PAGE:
The Human Jesus

I have three toddler grandchildren who live nearby, so I've been observing them as they learn to talk. My youngest grandchild is at the single word stage, but the older two are speaking sentences, sometimes quite complicated ones. Their speech is still full of cute language quirks, but every day they sound a little more grown-up.

The union of God and man in the person Jesus stands at the very center of Christianity.

Scripture tells us that the child Jesus grew and learned like all children do, so if Jesus' grandmother knew him, she probably delighted in his language development, too.

I imagine her watching him progress from single words to short sentences and beyond, noting his childish mispronunciation and unconventional sentences. The toddler Jesus developed much like my grandchildren are developing, minus the ugly pinching episodes, of course, since Jesus was without sin.

Jesus was fully God and fully human.

That Jesus "increased in wisdom and in stature" (Luke 2:52) is evidence that he was truly human. In the incarnation, the Eternal Son, who is the second person of the Trinity, was joined forever with genuine human nature, so that Jesus was (and is) fully God and fully human in one person.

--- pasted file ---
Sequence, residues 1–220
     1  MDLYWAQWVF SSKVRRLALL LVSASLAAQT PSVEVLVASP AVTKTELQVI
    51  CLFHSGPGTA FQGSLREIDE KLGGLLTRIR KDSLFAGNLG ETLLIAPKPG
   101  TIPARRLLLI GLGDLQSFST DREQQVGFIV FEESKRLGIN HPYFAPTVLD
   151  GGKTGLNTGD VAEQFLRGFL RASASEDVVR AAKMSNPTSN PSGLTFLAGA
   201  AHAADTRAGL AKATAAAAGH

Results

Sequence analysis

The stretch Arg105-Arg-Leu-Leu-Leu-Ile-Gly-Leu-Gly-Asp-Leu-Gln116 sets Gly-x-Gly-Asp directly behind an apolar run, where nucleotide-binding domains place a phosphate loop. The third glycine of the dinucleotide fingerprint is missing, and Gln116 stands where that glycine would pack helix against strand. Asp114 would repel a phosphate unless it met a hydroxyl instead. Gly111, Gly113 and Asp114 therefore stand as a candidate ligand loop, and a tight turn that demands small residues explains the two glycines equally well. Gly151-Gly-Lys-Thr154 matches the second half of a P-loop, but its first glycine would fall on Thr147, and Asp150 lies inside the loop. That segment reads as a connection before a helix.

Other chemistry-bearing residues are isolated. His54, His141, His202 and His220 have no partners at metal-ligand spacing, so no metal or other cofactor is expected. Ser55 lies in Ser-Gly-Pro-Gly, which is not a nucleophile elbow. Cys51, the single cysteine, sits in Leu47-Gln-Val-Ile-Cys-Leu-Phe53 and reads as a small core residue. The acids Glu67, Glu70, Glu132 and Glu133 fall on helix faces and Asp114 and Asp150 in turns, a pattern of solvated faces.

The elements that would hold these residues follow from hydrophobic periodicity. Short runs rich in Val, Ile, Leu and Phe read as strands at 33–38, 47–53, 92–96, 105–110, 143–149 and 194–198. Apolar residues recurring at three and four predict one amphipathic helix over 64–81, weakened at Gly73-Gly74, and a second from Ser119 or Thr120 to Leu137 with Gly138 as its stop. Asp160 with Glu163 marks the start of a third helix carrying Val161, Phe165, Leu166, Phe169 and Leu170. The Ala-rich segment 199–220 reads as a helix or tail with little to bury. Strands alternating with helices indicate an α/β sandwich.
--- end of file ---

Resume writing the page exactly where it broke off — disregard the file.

If you're left wondering how that works, you're not alone. The ancient Christians took the biblical data and developed creeds outlining some things we can know about Christ's nature, but there is much they don't and can't explain. J. I. Packer calls this a "marvelous mystery"—and he's right!

The union of God and man in the person Jesus stands at the very center of Christianity. In this post, we're focusing on the humanity of Jesus and answering a few questions:

  • What did it mean for the Eternal Son to become a human being?
  • How does his humanity benefit us?
  • Why is the doctrine of the humanity of Jesus important?

What did it mean for the Son to become human?

In Philippians, Paul writes that for the Son of God, becoming human was an act of supreme humility, especially as he willingly carried out the Father's purpose by obeying "to the point of death, even death on a cross" (see Phil. 2:5–8). By becoming human, the Son, who possessed all the infinite attributes of deity, voluntarily subjected himself to natural human weakness and limitation.